Magnetic Position Sensors – Operating Principles
The term ‘magnetic position sensor’ can be somewhat confusing since this term covers a range of techniques including Hall effect, magnetoresistive and magnetostrictive.
Hall effect sensors are, by far, the most common magnetic sensor and are widely used in high volume applications in automotive and domestic appliance sectors. A typical example is in brushless DC motors for power commutation.
The Hall effect is the production of a voltage difference (the Hall voltage) across an electrical conductor, transverse to an electric current in the conductor and a magnetic field perpendicular to the current. It was discovered by Edwin Hall in 1879. In simple terms, a Hall effect sensor measures the strength of a magnetic field. This effect can be used to measure position since field strength is proportional to the distance between the Hall sensor and the magnet.
So far, so good. Snag is, the magnetic field experienced by the Hall device also varies in proportion to a bunch of other factors too. These factors include variation in the position of the magnet in y & z axes; magnetic hysteresis; extraneous DC/AC fields; distorting effects of nearby magnetically permeable materials (e.g. steel); variations in temperature and differences in field strength between one magnet and the next.
All these ‘other factors’ means that Hall sensors are only suitable for those position sensing applications where:-
- only modest measurement performance is required (typically >1% linearity)
- the mechanical tolerances for the relative motion of magnet & sensor are tightly controlled
- extraneous AC fields, DC fields or nearby metal objects (notably swarf or ferromagnetic particles in oil which may build up on the magnet over time) is either well controlled or non-existent
- temperature is well controlled or the sizeable temperature effects are not significant to the accuracy of measurement.
Hall devices which are capable of operation at >120Celsius are rare because measurement performance drops off rapidly at elevated temperatures.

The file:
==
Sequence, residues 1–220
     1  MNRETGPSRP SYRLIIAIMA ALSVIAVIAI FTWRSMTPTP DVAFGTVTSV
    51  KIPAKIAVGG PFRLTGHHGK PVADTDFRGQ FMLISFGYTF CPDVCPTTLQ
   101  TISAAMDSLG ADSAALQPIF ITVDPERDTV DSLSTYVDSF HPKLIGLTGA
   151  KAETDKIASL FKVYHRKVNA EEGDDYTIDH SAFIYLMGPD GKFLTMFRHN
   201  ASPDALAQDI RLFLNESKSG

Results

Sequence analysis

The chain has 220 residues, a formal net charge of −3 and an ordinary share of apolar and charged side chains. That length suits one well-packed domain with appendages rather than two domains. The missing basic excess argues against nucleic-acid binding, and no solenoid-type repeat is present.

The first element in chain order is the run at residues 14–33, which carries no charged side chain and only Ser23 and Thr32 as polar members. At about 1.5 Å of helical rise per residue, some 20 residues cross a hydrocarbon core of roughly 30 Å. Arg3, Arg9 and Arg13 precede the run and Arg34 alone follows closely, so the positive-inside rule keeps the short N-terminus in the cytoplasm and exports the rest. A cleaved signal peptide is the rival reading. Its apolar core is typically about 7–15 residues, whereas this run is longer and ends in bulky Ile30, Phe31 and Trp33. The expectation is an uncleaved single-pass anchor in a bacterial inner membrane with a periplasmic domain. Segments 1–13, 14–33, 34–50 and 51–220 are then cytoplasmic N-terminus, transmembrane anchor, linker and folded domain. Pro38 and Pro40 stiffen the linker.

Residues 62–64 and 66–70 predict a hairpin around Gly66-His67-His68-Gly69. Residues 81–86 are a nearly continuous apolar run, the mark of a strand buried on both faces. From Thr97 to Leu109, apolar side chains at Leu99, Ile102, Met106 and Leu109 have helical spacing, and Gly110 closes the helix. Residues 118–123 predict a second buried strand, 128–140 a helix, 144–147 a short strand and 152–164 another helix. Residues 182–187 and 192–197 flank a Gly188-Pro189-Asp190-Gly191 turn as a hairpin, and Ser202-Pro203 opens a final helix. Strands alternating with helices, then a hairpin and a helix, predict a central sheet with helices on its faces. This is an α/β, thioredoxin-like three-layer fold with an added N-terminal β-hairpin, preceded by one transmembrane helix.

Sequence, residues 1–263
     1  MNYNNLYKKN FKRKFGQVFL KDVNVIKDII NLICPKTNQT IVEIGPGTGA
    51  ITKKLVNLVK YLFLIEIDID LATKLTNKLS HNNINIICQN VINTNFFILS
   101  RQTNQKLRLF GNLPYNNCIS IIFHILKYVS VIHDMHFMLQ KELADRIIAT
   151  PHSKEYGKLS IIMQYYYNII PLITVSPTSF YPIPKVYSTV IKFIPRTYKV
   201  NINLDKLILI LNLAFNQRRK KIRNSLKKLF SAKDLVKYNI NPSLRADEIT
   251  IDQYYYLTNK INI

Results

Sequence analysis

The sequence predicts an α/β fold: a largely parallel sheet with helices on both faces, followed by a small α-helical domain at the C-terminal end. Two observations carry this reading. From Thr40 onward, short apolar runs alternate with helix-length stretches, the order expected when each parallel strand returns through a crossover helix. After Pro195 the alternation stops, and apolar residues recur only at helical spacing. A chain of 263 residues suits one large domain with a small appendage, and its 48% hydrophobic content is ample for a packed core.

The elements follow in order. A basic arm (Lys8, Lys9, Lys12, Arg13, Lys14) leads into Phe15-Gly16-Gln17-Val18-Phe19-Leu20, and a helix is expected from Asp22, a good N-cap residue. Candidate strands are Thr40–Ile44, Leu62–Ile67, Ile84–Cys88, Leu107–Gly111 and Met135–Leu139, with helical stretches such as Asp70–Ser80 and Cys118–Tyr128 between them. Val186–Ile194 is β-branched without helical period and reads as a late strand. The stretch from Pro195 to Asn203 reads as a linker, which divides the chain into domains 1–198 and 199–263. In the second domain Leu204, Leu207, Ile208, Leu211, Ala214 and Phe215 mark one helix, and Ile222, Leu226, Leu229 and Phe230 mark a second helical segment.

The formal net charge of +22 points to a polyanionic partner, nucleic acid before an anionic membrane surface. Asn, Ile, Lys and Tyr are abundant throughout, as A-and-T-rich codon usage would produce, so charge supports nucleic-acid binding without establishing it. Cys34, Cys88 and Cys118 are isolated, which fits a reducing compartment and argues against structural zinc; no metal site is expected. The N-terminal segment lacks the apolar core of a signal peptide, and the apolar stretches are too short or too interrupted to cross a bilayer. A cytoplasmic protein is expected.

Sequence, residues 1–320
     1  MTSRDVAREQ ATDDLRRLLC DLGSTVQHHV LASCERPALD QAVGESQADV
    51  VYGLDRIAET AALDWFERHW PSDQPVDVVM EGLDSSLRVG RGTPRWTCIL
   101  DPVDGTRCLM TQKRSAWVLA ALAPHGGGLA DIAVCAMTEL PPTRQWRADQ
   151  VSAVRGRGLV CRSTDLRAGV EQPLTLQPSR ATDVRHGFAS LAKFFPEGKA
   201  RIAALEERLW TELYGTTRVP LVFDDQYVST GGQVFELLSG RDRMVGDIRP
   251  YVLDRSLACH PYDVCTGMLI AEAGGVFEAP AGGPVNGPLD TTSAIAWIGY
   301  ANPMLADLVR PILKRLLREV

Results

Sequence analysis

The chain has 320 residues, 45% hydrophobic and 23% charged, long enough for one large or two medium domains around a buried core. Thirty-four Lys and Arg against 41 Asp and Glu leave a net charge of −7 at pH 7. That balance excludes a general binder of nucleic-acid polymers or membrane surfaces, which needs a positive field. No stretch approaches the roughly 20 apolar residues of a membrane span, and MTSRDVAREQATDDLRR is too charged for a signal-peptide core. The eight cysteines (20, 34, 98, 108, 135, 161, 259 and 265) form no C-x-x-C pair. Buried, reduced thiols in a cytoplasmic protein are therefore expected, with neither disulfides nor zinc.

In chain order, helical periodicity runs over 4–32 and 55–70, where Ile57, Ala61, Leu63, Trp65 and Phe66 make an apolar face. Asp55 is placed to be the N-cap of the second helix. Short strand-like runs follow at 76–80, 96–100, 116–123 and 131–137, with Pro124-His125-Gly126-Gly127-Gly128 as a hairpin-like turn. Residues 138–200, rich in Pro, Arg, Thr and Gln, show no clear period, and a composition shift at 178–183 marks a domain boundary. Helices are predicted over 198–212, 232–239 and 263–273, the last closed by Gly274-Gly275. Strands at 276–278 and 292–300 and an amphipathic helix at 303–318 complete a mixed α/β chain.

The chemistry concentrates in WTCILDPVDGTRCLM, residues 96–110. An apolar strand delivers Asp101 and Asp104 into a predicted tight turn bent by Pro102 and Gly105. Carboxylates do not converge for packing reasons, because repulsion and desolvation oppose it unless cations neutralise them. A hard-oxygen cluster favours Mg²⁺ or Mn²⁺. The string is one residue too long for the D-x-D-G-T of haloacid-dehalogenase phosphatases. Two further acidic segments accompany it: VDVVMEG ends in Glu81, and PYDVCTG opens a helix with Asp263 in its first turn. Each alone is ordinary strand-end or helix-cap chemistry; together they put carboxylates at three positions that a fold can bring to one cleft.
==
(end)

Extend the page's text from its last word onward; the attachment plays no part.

In summary, Hall effect offers a fairly robust, cheap but low precision technique which can work well – but only if mechanical tolerancing and EMC is well controlled.
Magnetoresistive devices are similar to Hall effect devices but rather than detecting field strength, they detect field direction. In terms of position measurement, the strengths and weaknesses of the technique are also similar.
Magnetostriction is completely different to Hall effect or magnetoresistive techniques. Magnetostriction refers to an unusual property of some ferromagnetic materials which causes them to change their shape or dimensions during the process of magnetization. The variation of material’s magnetization due to the applied magnetic field changes the magnetostrictive strain until reaching its saturation value. The effect was first identified in 1842 by James Joule. This phenomenon can be used to measure position by measuring the time of flight of a sound wave along a length of magnetostrictive material such as nickel.
In a magnetostrictive position sensor a length of magnetostrictive material extends between two fixed points as shown below:-
A pulse of energy sent from one end bounces back from the other end in a time t. If a magnet is brought in to close proximity with the strip, the time taken for the pulse to bounce back reduces in proportion to the distance between magnet and sensor.
Magnetostrictive sensors are most suited to measuring linear position over long lengths – most notably position sensors for hydraulic rams. This is where >90% of all magnetostrictive sensors are used.
Over the last decade or so, magnetostrictive sensors have gained market share over the more traditional linear transformers (LVDTs) because they are more compact. In the last few years, the trend is reversing, with linear transformers winning back market share back because problems are now become apparent from actual practical application: